The 2018-19 Ridgefield Public Schools budget is significantly challenged by double-digit healthcare increases and unexpected special education costs that are in addition to the contractual obligations and costs of maintaining our existing programs and services.
Our Superintendent’s initial proposed budget represented a 4.83% increase over last year’s approved budget. The proposed budget was derived from the priorities the BOE developed in the Fall. We are now being asked to “cap” that increase to 2.5% ($94,949,382). Reducing the proposed budget to this amount would require an ADDITIONAL decrease in the proposed budget of $2,161,053.
It is important to note that if we rolled over the 2017-18 operating budget with no new programs or positions and just met the legal and contractual increases, without the new special education costs, the increase would be 3.34% (about $777,664 MORE than the 2.5% increase).
The 2.5% limit is a Municipal Spending Cap established under Connecticut General Statute, Section 4-661. Currently, the legislation has no penalties for towns that exceed this spending cap. However, the legislation is still recognized as a state statute by the First Selectman, Mr. Marconi, who spoke last night about the town’s obligation to follow the law. This cap bundles the town and school sides of the budget into a single percentage. Mr. Frey also spoke to the Board of Education on February 12th and indicated that although there are not penalties now, the legislature could change that in the coming session.
Subsequently, last night the BOE asked the Superintendent to revise the initial budget with a 3.1 % increase and to reduce in areas that would have as little impact on the classroom as possible. However, with all honesty, we know that all education expenses have an eventual impact on the classroom. The board acknowledged that this reduction presents far more “risk” in the budget.
So what else can be done? Some potential savings may be found in healthcare and we have asked our insurance broker to continue to work with us in an attempt to reduce the renewal rate. There may be savings in our transportation costs and that is being reviewed. These are two of our biggest opportunities, but we are exploring everything.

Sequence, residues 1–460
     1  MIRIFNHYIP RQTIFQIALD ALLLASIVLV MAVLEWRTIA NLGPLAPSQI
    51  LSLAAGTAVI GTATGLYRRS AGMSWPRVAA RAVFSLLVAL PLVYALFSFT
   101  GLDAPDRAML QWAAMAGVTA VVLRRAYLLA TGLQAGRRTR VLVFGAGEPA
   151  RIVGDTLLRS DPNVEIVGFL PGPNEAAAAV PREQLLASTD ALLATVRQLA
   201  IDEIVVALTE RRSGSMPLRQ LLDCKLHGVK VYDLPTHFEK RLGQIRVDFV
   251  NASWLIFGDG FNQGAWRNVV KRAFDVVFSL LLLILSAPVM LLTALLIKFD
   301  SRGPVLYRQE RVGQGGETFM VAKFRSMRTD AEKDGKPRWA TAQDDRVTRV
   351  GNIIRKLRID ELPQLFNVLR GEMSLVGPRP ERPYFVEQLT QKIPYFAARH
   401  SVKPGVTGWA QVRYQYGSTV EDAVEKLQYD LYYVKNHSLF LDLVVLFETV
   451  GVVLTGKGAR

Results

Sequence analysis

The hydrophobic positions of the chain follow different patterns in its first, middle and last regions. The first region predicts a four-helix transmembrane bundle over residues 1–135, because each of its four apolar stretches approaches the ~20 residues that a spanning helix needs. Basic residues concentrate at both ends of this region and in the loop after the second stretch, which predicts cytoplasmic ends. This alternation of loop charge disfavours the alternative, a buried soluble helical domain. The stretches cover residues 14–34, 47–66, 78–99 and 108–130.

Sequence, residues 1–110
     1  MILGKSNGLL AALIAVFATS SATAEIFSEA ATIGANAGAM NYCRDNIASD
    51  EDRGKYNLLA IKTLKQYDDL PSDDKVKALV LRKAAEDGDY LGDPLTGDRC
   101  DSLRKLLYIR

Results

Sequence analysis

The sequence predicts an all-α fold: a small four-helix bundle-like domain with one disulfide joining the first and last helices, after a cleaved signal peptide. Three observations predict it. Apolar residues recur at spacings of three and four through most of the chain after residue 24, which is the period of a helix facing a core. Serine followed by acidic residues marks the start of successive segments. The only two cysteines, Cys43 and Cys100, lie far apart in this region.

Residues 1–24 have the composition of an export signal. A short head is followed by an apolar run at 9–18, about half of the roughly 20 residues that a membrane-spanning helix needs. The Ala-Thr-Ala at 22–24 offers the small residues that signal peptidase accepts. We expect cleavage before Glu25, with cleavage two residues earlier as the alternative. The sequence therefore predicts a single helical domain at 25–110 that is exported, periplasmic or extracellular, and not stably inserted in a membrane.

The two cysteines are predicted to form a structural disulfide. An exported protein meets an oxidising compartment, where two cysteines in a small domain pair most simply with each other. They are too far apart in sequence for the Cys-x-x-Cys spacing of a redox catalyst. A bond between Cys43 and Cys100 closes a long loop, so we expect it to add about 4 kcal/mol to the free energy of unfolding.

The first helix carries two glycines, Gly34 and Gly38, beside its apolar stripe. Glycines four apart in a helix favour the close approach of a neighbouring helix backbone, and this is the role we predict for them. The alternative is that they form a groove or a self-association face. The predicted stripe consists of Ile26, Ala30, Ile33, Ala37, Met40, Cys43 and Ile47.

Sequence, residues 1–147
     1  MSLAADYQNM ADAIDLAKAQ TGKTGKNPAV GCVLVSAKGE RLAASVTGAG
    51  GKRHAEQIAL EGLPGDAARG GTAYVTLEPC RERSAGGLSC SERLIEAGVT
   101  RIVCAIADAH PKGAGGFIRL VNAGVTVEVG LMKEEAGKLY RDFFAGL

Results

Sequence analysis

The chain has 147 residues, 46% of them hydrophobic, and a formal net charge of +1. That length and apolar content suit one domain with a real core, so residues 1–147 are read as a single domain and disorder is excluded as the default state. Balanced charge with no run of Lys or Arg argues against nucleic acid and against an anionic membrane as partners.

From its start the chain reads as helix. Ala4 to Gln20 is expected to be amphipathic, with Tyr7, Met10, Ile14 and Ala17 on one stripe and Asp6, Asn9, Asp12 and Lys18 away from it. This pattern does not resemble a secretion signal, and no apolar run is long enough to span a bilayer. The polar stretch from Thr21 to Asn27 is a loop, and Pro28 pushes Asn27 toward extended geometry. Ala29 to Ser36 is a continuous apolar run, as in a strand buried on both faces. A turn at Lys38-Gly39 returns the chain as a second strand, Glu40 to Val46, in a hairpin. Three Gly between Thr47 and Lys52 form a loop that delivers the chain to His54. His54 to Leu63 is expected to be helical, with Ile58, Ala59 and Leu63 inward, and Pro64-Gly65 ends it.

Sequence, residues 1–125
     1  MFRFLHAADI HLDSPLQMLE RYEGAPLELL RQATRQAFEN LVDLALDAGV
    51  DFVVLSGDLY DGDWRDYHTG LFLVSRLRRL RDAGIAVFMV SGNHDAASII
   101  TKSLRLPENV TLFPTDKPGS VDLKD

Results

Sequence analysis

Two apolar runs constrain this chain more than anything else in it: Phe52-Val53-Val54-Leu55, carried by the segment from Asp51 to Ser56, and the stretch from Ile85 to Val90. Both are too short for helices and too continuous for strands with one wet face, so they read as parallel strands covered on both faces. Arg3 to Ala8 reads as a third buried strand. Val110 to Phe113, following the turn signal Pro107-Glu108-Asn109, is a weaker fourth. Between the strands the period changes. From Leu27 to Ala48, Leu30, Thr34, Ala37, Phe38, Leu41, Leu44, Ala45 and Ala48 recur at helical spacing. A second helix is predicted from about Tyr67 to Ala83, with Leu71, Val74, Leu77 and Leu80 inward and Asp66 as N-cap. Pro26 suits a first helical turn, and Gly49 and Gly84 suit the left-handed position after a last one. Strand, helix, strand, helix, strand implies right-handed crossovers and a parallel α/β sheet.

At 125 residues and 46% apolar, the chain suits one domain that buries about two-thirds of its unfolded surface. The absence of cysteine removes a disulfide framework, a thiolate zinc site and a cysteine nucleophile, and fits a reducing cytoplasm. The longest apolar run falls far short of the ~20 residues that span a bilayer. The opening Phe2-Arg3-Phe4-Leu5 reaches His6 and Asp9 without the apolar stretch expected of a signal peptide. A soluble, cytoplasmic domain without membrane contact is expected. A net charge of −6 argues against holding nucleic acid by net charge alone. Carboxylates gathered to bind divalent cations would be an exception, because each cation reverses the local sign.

What cannot be done? We cannot ignore that a budget at 2.5% is not in the best educational interest of our children. The request for a 3.1% increase will also pose severe challenges to the system. This fact needs to be fully understood by the community that has invested so much in it for so long.
The BOE is responsible to serve the educational interests of students and cannot advance a budget that does not allow the district to meet the goal and objectives of the school system. We are still actively engaged in conversations about the budget that the BOE will adopt and forward to the BOF and BOS. We will work hard to find efficiencies in the current proposed budget and approve a budget that advances education in Ridgefield in a fiscally responsible way, but not at the expense of our students.
Budget challenges are not unique to Ridgefield. Neighboring towns in our DrG and across the state are struggling to develop balanced budgets as the percent increase due to legal and contractual obligations is outpacing the cost of living increase that is often used to help frame the desired year-over-year increase. Every district is facing hard decisions about what to cut. The fact we spend the least among them on a per-student basis just makes our task even more difficult.
Please continue to stay informed about the budget process. There is a public hearing on the Superintendent’s proposed Operating Budget for 2018-19 on February 24 at 10:00 in the BOE Meeting Room in the Town Annex. On Monday February 26 the BOE votes to adopt the budget that will be forwarded to the Board of Finance.
- Fran Walton, Doug Silver and Margaret Stamatis, Ridgefield BOE Executive Committee